It’s not that we actually fear dentists, rather that we fear their dental equipment and the pain of dental treatment. A pending visit to the dentist can also trigger feelings of guilt and shame because our oral hygiene has been somewhat lacking. The first step to overcoming our fear of the dentist is to understand what our dental fears are.
How Can I Get Over My Fear of the Dentist?
Identifying Our Fears
Dental anxiety is no laughing matter. It’s thought that 80 percent of Americans experience a degree of dental anxiety, resulting in between 9 percent to 15 percent of Americans avoiding the dentist altogether. That translates to around 40 million people who have little to smile about. Underpinning all of our fears is the fear that a dentist’s instrument will touch a nerve– or at least the wrong nerve, by accident. It is normal to fear things going wrong during a dental appointment.
The number one fear of dentist visits is pain. Fear of pain could be based on painful past experiences which are then projected onto pending dental procedures. One way in which patients experience pain is when the area being worked on isn’t sufficiently numb. It could be that you need more numbing injections, or the injections need more time to work before dental work begins.
Loss of control
Central to a perceived loss of control is the realization that we are at the mercy of the dentist, as we see it. There is nothing we can do to help sort out our dental care problems. We have that rare feeling of powerlessness. At the root of this fear is the fear of the unknown, or the fear of a re-occurrence of a bad experience. Tell the dentist how you feel about not being in control and why.
If you have ever had to have a root canal, which often takes more than one appointment, hearing that you need to return for another visit immediately surfaces resentment and dread. If you haven’t had root treatment you may have heard the horror stories from those that have. Discussing trust issues based on bad past experiences is very important. The dentist might be able to explain what went wrong during the previous dental visit and they will talk you through what is going to happen to make you feel more comfortable.
Noises that can hurt your ears, the smell from drilling, terrible taste, and the sight of a broad range of metallic instruments can be like a full-frontal attack on our senses. Even just a visit to the dental office for routine teeth and gum cleaning can be unnerving. Again, for people with dental phobia, it is the fear of things going wrong.
Even when you are sitting in the waiting room, dental anxiety can have an effect on patients. The thought of not being able to swallow properly for an extended period of time, combined with the idea of a mouthful of fingers and instruments can cause feelings of claustrophobia and related anxieties.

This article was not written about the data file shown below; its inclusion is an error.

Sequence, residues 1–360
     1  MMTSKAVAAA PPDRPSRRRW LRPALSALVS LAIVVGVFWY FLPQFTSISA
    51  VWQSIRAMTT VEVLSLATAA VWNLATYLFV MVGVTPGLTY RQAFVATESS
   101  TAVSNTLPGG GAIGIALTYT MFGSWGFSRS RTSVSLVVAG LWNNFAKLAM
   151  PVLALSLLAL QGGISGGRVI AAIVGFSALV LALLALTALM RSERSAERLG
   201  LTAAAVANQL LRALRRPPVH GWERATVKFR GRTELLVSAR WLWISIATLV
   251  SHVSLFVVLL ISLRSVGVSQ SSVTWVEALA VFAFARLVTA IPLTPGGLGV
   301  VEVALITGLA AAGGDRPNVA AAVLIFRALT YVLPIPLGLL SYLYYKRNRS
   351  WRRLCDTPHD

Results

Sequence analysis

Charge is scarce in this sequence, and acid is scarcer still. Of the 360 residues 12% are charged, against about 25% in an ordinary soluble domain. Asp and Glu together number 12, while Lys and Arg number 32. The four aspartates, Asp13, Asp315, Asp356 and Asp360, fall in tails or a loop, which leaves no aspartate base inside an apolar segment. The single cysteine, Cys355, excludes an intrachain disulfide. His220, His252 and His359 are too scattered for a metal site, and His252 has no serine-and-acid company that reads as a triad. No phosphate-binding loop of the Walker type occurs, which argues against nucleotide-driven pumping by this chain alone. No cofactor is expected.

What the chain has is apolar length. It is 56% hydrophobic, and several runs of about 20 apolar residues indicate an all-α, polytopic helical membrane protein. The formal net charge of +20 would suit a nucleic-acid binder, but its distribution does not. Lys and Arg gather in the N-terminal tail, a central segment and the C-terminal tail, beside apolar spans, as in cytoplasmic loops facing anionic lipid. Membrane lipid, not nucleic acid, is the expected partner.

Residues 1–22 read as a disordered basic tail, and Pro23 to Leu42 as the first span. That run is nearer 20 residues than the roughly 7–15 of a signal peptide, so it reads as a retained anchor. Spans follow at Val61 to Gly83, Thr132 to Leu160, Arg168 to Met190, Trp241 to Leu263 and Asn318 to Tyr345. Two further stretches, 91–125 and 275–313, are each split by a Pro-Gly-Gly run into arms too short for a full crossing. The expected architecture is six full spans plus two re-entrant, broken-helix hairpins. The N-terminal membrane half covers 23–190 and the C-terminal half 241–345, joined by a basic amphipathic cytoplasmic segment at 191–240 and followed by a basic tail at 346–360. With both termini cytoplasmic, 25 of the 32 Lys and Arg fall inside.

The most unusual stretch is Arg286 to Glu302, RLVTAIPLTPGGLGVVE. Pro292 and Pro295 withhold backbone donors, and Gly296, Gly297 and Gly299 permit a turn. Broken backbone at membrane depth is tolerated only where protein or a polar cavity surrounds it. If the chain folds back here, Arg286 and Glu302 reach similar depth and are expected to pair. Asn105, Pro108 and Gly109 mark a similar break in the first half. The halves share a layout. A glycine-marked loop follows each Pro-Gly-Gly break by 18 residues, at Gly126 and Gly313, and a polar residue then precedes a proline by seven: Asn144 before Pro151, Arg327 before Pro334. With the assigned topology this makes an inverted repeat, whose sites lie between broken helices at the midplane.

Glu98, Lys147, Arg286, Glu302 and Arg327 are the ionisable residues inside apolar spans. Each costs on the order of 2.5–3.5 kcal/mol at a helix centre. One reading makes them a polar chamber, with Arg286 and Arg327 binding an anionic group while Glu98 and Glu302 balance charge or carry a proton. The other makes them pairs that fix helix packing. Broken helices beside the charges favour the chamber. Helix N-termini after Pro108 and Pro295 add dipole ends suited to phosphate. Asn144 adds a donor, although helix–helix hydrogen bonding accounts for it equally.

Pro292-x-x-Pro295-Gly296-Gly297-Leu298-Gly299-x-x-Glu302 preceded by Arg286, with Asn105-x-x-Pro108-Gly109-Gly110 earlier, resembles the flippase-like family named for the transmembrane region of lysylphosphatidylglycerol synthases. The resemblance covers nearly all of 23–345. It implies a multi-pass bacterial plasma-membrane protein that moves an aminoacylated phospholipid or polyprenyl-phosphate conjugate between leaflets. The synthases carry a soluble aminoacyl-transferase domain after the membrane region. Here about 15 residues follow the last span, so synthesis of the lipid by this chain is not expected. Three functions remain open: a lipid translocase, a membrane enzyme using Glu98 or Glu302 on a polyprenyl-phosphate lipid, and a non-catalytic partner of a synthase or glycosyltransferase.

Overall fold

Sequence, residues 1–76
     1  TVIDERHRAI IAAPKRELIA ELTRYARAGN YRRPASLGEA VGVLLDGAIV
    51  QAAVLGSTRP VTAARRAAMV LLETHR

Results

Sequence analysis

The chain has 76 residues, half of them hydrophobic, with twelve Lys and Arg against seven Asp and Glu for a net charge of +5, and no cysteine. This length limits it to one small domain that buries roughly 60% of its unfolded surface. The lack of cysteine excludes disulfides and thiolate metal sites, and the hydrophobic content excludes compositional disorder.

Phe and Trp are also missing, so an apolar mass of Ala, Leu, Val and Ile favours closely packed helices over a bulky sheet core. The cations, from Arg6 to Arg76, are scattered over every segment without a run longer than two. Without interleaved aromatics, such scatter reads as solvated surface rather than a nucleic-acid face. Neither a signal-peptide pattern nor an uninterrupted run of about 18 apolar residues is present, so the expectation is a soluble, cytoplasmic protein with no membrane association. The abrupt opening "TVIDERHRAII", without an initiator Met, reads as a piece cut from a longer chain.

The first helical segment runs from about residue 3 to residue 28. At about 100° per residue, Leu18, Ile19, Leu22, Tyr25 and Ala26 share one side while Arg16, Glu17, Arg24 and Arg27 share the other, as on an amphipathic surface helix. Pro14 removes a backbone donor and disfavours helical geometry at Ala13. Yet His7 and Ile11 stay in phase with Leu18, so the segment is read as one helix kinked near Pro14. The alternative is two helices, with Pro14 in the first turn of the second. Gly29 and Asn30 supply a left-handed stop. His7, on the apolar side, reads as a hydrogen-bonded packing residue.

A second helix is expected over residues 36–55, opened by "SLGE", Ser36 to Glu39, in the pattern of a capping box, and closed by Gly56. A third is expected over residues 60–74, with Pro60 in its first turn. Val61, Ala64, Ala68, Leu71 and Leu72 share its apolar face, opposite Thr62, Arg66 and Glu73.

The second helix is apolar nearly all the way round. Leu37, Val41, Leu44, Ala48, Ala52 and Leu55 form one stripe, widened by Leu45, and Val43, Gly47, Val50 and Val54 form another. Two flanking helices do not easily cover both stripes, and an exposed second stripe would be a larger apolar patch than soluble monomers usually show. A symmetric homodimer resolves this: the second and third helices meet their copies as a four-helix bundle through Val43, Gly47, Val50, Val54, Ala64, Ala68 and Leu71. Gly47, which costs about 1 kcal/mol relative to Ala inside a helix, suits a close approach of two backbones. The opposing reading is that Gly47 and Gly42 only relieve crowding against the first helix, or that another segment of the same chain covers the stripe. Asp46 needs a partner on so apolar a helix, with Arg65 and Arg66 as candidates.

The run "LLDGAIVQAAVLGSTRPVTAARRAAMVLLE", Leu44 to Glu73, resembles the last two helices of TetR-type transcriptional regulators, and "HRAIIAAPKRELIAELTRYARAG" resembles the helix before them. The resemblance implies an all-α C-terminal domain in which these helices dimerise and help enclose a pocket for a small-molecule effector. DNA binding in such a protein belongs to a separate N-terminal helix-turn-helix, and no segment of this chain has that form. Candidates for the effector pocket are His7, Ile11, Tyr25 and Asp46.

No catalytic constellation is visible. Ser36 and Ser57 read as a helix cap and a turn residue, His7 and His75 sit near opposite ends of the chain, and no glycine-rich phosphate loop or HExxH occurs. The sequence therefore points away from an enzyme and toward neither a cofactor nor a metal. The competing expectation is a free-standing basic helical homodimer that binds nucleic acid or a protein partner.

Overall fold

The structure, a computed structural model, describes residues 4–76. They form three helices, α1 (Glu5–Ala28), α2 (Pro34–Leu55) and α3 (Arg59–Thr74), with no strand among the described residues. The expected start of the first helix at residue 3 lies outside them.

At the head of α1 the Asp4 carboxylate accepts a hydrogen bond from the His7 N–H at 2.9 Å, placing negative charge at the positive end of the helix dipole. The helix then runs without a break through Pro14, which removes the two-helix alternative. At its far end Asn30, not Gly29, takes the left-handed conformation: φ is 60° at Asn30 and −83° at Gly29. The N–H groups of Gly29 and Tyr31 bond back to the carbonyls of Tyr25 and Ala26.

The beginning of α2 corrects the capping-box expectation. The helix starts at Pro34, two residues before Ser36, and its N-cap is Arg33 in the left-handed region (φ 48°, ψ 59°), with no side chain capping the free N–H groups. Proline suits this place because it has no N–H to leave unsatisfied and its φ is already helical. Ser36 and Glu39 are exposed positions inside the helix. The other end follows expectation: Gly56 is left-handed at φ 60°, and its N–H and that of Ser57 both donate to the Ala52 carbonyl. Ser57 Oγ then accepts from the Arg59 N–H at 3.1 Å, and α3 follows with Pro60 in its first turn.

If we have a better relationship with the tooth fairy than a toothbrush, we fear being lectured about our poor dental hygiene. This stems from a fear of authority. From childhood, we regard the dentist as an authoritative figure instead of as a healthcare practitioner who will care for us.
Overcoming our fears
There are two main things we can do to overcome our fear of the dentist. The first is to articulate to ourselves what we are afraid of and why. This requires a rational and logical process. Once we recognize our fear or fears, the next thing to do is verbalize them with the dental hygienist. This involves being open and honest, as well as seeing the dentist as a human and not as the enemy. Chances are they will understand and be able to alleviate our fears. Moreover, having had an upfront chat with our dentist will build trust. Studies have shown that we relax more when we trust someone.
Ask a family member or friend to accompany you. They can sit in on the appointment with you or wait in the reception area, once the injections kick in.
Being early will give you an opportunity to feel grounded and use the bathroom if you need to. This will help you to relax. It is also an opportunity to ask the reception staff any questions you think they can answer for you. Basic communication can also be distressing.
If you think the anxiety, discomfort, breathing problems, and claustrophobia are going to be too much for you, agree on a warning sign you can give the dentist. This will help if you need them to stop what they are doing. To help you relax, opt for gas instead of injections and ask for the dentist to put on some music. Once the work is started, try out the stop sign to make sure the dentist remembers it. Now, open wide!
Additional Information: Dental Anxiety: 3 Ways to Stop Fearing the Dentist – American Dental Association (ADA)
All Smiles Family Dentistry in Omaha, NE
At All Smiles Family Dentistry, we are proud to provide high-quality care to all our patients both young and old thanks to our compassionate and experienced dental team. We offer a clean and comfortable clinic to help you feel relaxed during your visit. Contact All Smiles Family Dentist or schedule an appointment online.